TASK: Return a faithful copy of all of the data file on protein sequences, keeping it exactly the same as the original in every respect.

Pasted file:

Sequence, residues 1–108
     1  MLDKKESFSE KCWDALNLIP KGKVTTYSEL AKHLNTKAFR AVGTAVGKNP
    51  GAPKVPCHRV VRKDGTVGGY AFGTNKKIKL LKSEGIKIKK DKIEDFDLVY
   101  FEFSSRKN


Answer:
Sequence, residues 1–108
     1  MLDKKESFSE KCWDALNLIP KGKVTTYSEL AKHLNTKAFR AVGTAVGKNP
    51  GAPKVPCHRV VRKDGTVGGY AFGTNKKIKL LKSEGIKIKK DKIEDFDLVY
   101  FEFSSRKN